Microscopic organisms could help Ocean Springs attack oil - WLOX.com - The News for South Mississippi

Microscopic organisms could help Ocean Springs attack oil


By Trang Pham-Bui – bio | email

OCEAN SPRINGS, MS (WLOX) - Marshes surround the city of Ocean Springs and they are a haven for all sorts of wildlife.  But tar patties and other oily materials threaten to ruin the fragile habitats. So the city is looking for a natural solution to attack the oil, if it invades the marshes.

"This is Pseudomonas Bacteria. Pseudomonas has an affinity for petroleum products," said John Cambre, co-owner of Waste Oil Collectors of Gautier.

Cambre held up a jar of blue liquid. Floating in the liquid were trillions of microscopic bacteria.

"You can take this bacteria, put it on hydrocarbons, oils, and it will literally degrade it or eat it up," said Cambre.

Ocean Springs hired Cambre's company to help determine which enzyme is best at breaking up the oil and which types of bacteria can eat up the oil the fastest.

"They're like asleep. And when they wake up, they're ready to eat and if you have that food source available to them right away, they just go through it like gang busters and eat it," said Cambre.

The products would be sprayed over the surface of the water.

"It would be a lot like seeing a farmer spraying his fields," Cambre explained.

They are considered safer to use, especially around sensitive marshes.

"This is what's going to get the oils out of the grass, rather than pulling them up. After they clean the tar patties off the beaches, this is what you would spray down to get that last little bit off," said Cambre. "After a certain point, there's not enough food for everybody, so they just die off. There's no chemical residuals or anything like that left."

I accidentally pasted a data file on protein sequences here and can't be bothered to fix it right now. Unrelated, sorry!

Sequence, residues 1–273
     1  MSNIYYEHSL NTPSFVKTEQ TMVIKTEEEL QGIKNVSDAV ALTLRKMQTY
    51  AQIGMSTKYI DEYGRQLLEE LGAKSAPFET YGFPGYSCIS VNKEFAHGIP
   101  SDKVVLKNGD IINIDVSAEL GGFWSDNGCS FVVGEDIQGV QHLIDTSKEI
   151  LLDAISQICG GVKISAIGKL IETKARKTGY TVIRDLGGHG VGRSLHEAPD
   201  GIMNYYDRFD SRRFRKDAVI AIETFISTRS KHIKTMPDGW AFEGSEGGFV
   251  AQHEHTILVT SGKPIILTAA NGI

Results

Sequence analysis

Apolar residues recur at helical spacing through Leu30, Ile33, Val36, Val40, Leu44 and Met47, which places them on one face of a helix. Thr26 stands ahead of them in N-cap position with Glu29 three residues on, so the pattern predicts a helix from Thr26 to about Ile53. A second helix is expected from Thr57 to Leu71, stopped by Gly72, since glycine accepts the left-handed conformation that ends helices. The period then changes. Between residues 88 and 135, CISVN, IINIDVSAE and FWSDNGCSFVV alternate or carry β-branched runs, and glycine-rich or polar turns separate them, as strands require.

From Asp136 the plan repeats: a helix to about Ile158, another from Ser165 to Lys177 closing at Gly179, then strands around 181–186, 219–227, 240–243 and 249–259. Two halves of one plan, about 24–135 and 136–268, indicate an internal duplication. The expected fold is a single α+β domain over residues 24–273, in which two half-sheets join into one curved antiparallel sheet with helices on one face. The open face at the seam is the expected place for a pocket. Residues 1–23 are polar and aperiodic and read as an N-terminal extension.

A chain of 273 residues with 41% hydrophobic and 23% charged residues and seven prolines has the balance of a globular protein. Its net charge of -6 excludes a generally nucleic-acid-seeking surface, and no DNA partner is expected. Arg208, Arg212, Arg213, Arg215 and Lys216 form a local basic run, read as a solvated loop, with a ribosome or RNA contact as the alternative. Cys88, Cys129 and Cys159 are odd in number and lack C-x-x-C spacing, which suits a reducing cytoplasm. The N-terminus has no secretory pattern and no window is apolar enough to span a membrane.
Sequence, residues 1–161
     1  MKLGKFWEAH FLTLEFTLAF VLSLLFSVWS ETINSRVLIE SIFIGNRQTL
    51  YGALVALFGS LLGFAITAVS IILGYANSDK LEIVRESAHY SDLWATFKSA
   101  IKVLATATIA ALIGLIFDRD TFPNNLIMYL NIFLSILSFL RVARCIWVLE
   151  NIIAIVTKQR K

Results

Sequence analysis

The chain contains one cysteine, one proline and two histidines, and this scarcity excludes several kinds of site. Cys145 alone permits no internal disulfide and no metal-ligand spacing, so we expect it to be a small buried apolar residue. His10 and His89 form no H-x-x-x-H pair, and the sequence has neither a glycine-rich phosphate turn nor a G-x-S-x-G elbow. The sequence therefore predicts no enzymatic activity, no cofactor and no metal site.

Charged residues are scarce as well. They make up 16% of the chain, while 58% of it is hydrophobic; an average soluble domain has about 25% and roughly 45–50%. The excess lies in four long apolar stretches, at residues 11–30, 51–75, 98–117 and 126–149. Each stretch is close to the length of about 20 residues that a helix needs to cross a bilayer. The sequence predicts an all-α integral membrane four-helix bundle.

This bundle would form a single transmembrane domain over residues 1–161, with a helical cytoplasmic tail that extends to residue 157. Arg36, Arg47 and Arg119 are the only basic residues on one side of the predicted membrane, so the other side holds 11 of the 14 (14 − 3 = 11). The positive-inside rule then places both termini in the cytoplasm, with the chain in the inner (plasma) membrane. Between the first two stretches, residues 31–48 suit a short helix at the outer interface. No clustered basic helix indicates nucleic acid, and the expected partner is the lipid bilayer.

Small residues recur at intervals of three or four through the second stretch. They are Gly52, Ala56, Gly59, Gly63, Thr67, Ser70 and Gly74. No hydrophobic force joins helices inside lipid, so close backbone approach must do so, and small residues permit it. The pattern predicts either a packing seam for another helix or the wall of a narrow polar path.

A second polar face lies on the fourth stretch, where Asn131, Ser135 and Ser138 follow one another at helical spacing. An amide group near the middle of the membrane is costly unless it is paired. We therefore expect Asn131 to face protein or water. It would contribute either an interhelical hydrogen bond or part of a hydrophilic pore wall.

The tests should be done by the end of this week, and the results will be turned over to the city of Ocean Springs. If the city decides to move forward with the project, it will need to seek the necessary permits and present the proposal to BP for funding.

"They're not a cure-all and not a magic bullet," said Cambre. "These are something that we're going to be supplementing the natural bacteria, to hasten the removal of the oil."

Micro Methods of Jackson County is conducting the tests for Waste Oil Collectors. One area of concern they're looking at is whether the enzymes and bacteria can cause the oxygen levels in the water to drop. Plus, the city doesn't know yet how much it would cost to implement this plan.

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